Leeds Holy Trinity Church was the perfect scene of serenity for Jamie Isaac’s breath-taking set. Playing to full capacity, Isaac’s lullabied anthems seemingly rolled off of his velvet voice. Accompanied by the atmospheric mood-swing production, chill-wave flumes and tick-tock-percussion, Isaac’s set transcended the stain glass windows, and stood out as one of the hidden gems of the festival. Songs like ‘She Dried’ rendered a cold sadness, yet simultaneously wooed and charmed the lucid Leeds audience.
17:00 – Tourist, Hifi
In a sudden change of scenery, I found myself edgily bobbing along to the production-master class of Tourist, another one of London’s hand-picked electronic pioneers. A man who moves with his music, Tourist was certainly the bloke to see at early evening, as his tight production techniques and effortlessly crafted beats intoxicated the room. Tourist’s understanding of rhythm is truly unmatched, as the day spun off into a frenzy of excitement. Top marks to man with the untameable quiff.
18:45 – Sam Airey, Leeds Town Hall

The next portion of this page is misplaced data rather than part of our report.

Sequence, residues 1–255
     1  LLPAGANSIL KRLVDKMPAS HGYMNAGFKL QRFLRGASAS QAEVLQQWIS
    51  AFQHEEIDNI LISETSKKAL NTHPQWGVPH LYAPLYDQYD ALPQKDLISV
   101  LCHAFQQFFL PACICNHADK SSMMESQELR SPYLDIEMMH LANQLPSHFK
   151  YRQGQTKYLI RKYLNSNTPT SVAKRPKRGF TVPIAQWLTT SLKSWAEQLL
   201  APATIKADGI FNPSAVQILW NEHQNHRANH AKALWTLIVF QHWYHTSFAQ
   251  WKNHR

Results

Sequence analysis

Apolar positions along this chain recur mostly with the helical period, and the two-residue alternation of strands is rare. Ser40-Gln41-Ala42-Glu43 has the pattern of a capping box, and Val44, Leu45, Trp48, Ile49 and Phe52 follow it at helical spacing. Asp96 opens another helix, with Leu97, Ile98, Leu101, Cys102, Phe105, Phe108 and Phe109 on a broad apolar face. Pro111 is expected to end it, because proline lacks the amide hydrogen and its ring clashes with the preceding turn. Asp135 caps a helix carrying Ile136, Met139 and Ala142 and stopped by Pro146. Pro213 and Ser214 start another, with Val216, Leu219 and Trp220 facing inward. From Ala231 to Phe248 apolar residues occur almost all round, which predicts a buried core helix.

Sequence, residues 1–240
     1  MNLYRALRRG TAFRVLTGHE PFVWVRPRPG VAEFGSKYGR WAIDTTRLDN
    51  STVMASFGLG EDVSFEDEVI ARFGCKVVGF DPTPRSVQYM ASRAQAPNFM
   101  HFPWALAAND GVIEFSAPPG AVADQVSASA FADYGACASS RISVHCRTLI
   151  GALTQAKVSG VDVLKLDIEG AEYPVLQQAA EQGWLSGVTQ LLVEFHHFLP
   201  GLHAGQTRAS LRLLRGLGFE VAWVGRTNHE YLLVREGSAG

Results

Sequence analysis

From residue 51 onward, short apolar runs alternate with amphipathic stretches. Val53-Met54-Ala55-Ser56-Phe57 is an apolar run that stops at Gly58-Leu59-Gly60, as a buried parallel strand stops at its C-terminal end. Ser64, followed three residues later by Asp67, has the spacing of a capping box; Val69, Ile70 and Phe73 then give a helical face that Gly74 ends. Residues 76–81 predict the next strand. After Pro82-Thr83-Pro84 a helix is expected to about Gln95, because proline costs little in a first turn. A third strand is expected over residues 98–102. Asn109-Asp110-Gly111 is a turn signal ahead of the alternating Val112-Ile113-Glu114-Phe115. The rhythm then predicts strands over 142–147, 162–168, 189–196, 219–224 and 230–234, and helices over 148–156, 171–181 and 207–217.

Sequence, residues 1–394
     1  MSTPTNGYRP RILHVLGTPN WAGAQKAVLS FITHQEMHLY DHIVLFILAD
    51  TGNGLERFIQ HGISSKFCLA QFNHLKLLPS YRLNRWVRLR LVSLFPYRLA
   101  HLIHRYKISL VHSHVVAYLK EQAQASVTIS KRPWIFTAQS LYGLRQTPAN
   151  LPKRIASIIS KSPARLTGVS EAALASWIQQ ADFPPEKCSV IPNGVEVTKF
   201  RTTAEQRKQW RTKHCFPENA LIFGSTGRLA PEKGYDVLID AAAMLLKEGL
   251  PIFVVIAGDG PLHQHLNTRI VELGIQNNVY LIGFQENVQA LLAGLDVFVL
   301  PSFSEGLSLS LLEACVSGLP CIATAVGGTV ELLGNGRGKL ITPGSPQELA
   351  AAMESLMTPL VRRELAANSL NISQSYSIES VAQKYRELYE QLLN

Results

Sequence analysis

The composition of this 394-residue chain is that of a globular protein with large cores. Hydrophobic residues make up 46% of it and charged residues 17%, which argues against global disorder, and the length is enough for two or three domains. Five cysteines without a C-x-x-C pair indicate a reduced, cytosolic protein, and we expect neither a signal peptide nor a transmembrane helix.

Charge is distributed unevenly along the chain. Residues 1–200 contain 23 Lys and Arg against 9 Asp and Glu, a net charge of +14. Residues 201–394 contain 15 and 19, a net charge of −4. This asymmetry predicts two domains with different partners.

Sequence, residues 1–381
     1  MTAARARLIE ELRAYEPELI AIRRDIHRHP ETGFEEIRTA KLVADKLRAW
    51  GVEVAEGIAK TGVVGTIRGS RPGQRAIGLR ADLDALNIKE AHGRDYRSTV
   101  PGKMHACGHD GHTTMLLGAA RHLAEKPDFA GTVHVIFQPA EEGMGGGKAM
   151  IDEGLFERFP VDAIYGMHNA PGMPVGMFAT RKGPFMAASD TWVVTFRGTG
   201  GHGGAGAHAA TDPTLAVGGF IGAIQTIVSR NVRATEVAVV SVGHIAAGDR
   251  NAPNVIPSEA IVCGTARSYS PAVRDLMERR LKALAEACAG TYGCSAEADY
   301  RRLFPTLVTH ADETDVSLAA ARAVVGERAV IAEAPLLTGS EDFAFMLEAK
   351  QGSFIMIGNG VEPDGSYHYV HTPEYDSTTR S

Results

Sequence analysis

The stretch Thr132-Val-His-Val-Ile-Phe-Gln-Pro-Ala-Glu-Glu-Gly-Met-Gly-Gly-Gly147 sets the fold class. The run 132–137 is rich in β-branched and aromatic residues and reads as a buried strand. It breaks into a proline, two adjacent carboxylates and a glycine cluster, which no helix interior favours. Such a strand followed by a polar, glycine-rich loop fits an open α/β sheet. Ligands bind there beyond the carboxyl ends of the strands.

Another majestic venue, and yet another majestic artist. With the folk-pop bayou sounds of songs such as ‘Endless Sea’, Sam Airey’s sobering set was welcomed by a half-cut audience. “Is anyone pissed yet?” was Airey’s crying call as he bare-footedly swooned and curved along the stage with admirable grace. Filling the massive space, his soft-brow voice tucked its way into every available crevice. Drunk or not, it was a performance well deserving of praise.
19:30 – Jaws, Faversham
A rammed Faversham hosted the subtle holiday grooves of Birmingham four-piece Jaws; bed-head rock ’n’ roll at its finest. With a debut album on the way, the percussive showpiece previewed a strong set-list of songs such as ‘Stay In’ and new single ‘Feel Too Much, Feel Too Little’. The tinted grunge-style of indie-ness certainly fitted the occasion, and gave a sneak-peek as to what their debut pressing would offer.
20:00 – Circa Waves, The Cockpit, NME Stage